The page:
The best definition of spirituality I’ve seen is from an old Swedish lexicon where it says “spirituality is nature in its higher development”. What this mean is, that when we look beyond the basics of nature and natural needs, we are confronted with questions that deal with things like transcendence. Questions like “what is the meaning with my life”, “is there more to reality than what we can see or measure with science”, and so on.
When people hear the word “spiritual” they often think of it in three frameworks. Either they think about it in the context of the rigid compounds of various religions, they think about it in the ridiculous style of Hollywood like with Harry Potter and similar movies, or they think about westerners LARPing as Indians, trying to summon some other peoples ancestors, or taking pictures of their auras in some newage-store. Im not saying that there isnt spiritual elements in these examples, but I believe there are much more tangible examples.
One of my favorite modern books of philosophy is “Why Beauty Matter” by Roger Scrutton. In this book he argues that beauty is not something subjective but a form of truth. Beauty is something most sane people can identify in a classic painting, in a flower or a majestic mountain. Science have proven that classical music can improve our thinking and even improve the health of plants. But why is this? Nature could might as well have made things we consider ugly to be beneficial and pleasing to us.
Many times beauty has no practical value to our lives, but still we value it so much. Beauty seem to be one of those aspects of our world that point to a higher truth of our existence. Therefor I consider, appreciating and to be grateful for the beauty in our life a spiritual practice. The french writer, and I would argue, philosopher Marcel Proust, once said that if he had one day left to live, he would spend it appreciating art, nature and beautiful women among other things, that is to me a spiritual approach to life and death.
Wonder and awe.
I don’t know if other animals experience wonder or awe, but none the less, I consider it to be another transcendent (spiritual) experience. When we ponder the wastness of the universe and the infinity of time and space, we can be filled with a feeling of wonder. Or when we visit the ancient cave paintings in France, and gaze upon some of the oldest artwork of our people, I think most of us are filled with a sense of awe. Again, these are feelings that seem to have nothing to do with our basic human needs.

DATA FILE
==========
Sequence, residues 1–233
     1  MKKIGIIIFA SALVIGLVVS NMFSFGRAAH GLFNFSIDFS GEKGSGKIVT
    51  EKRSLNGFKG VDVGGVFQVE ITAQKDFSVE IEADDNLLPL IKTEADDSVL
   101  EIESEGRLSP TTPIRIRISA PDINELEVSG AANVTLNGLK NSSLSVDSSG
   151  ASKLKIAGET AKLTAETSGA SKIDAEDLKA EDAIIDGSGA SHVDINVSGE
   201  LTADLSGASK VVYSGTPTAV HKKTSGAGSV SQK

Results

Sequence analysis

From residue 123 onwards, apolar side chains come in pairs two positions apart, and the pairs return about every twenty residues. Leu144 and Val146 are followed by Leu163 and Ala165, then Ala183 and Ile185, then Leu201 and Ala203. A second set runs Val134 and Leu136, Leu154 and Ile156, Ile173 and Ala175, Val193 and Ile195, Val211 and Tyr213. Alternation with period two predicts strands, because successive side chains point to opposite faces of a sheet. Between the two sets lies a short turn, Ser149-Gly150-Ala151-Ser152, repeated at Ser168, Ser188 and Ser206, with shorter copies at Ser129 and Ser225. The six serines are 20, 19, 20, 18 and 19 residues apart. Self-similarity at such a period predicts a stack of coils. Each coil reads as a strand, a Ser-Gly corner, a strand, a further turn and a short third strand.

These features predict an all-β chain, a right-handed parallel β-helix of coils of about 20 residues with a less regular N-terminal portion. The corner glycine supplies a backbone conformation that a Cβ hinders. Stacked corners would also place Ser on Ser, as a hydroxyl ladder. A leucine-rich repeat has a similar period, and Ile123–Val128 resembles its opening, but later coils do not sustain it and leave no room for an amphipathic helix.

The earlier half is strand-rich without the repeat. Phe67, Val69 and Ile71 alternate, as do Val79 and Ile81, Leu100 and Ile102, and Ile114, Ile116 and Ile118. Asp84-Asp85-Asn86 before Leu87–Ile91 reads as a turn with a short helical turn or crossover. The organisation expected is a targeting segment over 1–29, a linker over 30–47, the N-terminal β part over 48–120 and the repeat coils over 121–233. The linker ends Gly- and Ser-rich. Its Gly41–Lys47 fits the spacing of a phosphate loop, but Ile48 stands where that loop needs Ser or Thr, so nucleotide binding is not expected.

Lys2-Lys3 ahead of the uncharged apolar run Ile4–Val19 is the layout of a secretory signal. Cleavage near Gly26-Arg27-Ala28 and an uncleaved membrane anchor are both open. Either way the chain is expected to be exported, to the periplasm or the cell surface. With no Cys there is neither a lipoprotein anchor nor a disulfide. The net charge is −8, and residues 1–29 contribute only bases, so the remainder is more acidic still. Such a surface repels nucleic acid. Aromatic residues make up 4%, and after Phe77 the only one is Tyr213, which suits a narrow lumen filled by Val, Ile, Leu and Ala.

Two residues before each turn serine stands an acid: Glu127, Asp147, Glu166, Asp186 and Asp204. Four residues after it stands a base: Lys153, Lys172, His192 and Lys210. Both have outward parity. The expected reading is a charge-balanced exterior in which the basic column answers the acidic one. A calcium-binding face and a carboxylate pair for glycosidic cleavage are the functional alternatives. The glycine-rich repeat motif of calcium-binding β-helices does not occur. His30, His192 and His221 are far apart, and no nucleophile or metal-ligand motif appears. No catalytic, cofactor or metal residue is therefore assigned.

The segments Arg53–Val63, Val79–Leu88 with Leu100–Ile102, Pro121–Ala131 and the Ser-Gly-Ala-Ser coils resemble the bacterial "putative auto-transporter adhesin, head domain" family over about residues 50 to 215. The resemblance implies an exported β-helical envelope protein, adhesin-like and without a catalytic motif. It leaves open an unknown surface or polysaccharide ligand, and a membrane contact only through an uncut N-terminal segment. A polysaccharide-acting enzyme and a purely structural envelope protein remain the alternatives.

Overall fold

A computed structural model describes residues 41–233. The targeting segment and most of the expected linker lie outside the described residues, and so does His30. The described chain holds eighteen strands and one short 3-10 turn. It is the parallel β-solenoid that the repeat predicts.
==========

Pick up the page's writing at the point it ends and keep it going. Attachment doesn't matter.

The longing to, and sense of wonder toward, what is beyond our comprehension is what some call our Faustian spirit, that seem to be especially prevalent in Western peoples, is one of our most tangible experiences we can have of a higher spiritual realm. Therefor I believe that another spiritual practice would be trying to find as many experiences that result in a sense of awe and wonder as possible. To lay in a field at night and gaze upon the stars, to visit a local rune stone and consider the amazing link between yourself and your ancestors, or if you wish to be more active; to skydive, climb a high mountain or try to live self-sufficient in nature for a longer period of time.
I think it was the philosopher Arthur Schopenhauer who were one of the more prevalent latest thinkers, in pointing to the transcendent meaning of sacrifice. An atheist like Richard Dawkins would explain most humans sacrifices for others as a biological trait for the survival of our genes, and there is a point in that. But since humans have the ability to reflect before we take decisions we can always take in consideration, the atheist belief, that we will never experience any benefit of making something that only will help those who will come into this earth after we are gone, but still so many do this.
Why do so many people get upset about decisions that will not have any affect on us while we are still alive? Is this only a biologically inclined gut-reaction? I don’t think even the atheists believe this, they would propably point toward their good consciousness as their main reason. But why would anyone sacrifice their reputation, their standard of life, or even their own life to secure a good life for those who will live when we are gone? Joseph Campbell pointed out in his “The power of myth” that most of the social activists he met among his students seemed to have a more transcendent view of life then most religious people.
I believe that deep down we all have a sense that this life on earth is not all there is. We don’t know how or why, but somehow we are connected to those who have gone before us, and those who will come after us, and this might be the strongest and most tangible connection we have to spirituality. So my final suggestion to practice your spirituality is to remember and celebrate your ancestors as much as possible. And another way is to do something that in someway will contribute to our descendants, because like the former leader of Asatru Folk Assembly says “We are all ancestors in training”.